FE’s first steps into 3D, and very nice they are too. The game doesn’t look as lush as it could and should have done (although the occasional CG cutscenes are absolutely lovely), but the aesthetic change allows for some subtle adjustments to the formula – most notably, you can’t fire over walls any more, which always seemed rather cheaty to me. The laguz units – half-humans who are defenceless in human form, but can transform into tigers, eagles, dragons and the like – are a brilliant touch, and the pre-battle prep is more comprehensive than ever, with a new experience-sharing system meaning you can get a much more balanced force without ridiculous amounts of effort. The main fighting is largely identical to previous games, but when it’s this good it doesn’t really matter, and the result is certainly the best Emblem to arrive on these shores yet.

25. Soul Calibur
Dreamcast, 1999, Namco

SC has been completely outdone by its sequel, but taken on its own merits it remains one hell of a fighter. It still looks lovely and plays with a wonderful smoothness, and it does in fact beat its spawn (heh) in one area – you can play an 8-player team battle against the computer, whereas in II you can only fight with three.

24. Sonic the Hedgehog
Mega Drive, 1991, Sonic Team/Sega

Marble Zone gets boring after a while. Labyrinth Zone just isn’t much fun in general. Everything else is absolutely brilliant. For a first try at a new platforming formula, it's astonishing how close Sonic comes to getting everything spot on.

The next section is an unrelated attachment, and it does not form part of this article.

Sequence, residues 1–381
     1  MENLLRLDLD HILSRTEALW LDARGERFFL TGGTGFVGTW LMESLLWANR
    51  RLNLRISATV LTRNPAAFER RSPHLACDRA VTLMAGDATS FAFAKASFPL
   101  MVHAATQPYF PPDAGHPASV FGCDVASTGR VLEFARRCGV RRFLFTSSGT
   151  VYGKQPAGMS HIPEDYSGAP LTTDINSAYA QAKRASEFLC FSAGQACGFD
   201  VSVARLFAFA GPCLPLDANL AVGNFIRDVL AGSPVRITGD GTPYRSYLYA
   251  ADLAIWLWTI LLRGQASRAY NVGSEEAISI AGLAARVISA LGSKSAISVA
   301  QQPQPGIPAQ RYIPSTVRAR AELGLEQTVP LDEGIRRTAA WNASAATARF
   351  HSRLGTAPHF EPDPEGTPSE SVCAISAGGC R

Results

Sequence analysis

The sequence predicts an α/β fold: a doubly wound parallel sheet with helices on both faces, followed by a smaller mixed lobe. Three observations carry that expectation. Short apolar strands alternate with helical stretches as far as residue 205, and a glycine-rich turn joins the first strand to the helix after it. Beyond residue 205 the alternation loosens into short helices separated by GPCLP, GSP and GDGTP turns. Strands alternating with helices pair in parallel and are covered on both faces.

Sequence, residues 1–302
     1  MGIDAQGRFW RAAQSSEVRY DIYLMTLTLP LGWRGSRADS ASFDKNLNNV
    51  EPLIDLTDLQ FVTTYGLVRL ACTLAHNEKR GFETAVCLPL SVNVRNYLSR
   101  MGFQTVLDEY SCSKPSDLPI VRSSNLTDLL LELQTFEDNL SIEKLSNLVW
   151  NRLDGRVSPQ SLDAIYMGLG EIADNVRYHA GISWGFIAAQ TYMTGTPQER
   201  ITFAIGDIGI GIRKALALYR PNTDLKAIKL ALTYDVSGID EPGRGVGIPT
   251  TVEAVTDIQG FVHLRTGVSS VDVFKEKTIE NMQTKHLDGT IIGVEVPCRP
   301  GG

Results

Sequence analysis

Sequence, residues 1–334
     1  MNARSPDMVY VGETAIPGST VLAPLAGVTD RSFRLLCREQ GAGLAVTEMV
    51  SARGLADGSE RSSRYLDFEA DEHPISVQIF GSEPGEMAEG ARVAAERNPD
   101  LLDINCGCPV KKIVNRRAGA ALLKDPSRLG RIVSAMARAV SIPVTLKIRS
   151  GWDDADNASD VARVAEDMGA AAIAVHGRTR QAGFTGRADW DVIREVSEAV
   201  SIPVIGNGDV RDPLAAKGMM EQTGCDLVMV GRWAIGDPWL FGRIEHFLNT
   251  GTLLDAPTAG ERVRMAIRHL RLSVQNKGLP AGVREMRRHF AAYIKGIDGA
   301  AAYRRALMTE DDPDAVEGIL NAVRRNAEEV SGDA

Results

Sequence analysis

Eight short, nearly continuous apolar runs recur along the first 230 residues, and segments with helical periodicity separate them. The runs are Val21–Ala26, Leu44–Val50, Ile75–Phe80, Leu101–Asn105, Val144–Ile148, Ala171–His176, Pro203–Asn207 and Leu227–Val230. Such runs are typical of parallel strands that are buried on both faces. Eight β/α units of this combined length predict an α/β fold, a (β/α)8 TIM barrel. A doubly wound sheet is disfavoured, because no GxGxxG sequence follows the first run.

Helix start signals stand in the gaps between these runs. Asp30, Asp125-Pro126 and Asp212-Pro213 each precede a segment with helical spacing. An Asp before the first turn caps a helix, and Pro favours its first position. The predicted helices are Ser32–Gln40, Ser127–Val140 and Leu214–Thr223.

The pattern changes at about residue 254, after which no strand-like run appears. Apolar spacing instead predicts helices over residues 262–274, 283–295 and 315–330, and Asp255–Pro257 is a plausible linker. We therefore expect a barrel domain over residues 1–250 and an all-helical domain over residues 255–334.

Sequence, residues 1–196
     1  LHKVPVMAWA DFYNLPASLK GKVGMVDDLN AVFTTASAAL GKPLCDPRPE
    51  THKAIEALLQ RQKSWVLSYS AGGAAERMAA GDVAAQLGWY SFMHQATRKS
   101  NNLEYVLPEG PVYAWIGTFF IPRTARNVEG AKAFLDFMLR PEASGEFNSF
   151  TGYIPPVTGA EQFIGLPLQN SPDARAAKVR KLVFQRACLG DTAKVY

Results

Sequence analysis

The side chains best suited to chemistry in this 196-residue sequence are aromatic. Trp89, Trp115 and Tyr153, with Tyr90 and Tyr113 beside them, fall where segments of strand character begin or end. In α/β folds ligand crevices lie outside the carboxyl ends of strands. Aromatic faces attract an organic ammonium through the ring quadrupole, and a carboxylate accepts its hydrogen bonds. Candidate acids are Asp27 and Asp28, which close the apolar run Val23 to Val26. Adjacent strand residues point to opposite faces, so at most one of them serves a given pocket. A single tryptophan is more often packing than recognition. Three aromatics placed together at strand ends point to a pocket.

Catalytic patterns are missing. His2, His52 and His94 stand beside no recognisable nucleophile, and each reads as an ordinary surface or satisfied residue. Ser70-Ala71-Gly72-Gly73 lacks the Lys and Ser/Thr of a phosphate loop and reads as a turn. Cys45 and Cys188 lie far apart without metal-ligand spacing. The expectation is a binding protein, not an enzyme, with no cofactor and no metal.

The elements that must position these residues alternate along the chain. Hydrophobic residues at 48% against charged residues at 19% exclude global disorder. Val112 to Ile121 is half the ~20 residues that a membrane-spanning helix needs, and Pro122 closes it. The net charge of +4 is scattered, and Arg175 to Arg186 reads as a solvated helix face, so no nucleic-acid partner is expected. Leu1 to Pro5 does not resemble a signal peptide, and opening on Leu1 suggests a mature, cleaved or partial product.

23. Carmageddon II: Carpocalypse Now
PC, 1998, Stainless Software/SCI

I dug out my old demo of this a couple of months back. And while it now looks pretty abysmal, the gameplay is every bit as brilliant as it ever was. Racing’s still too fiddly to be worthwhile, but the 150mph game of bumper cars you play with your opponents, with metal shearing off, pedestrians running for cover, and the physics flip-flopping between ultra-realistic and bonkers cartoon nonsense for maximum enjoyment, is still utterly enthralling and completely exhilarating. Now if only I could get the full game to run on XP…

22. Phoenix Wright: Ace Attorney
DS, 2006, Capcom

So, yeah, I’ve already outlined what makes the series great. So take Justice for All, bin the bizarre logic-leaps, and add in a fantastic fifth case that makes much better use of the DS (fingerprint-dusting is supremely satisfying) and there you go. Plus, there’s a bit where you have to interrogate a parrot.

21. Worms 2
PC, 1998, Team 17/Microprose

There are enough Worms games to entertain the entire population of the UK, and they’re all pretty similar (except for that puzzle one that was apparently rubbish). 2’s the one I’ve spent the most time with, so here it be, and it’s ace. The ultra-lo-fi graphics of the original had a certain odd charm, but the new cartoony style settled on here is undoubtedly prettier. The increased armoury is pleasing, even if the Homing Air Strike is so cheap and the Homing Cluster Bomb so useless they took them both out again, and the booby-trapped weapon crates and medical drops add extra dashes of strategy. Being able to build your own levels, though, is undoubtedly the most important addition to this classic strategy with added explosive ovine. Hoorah. Hoorah indeed.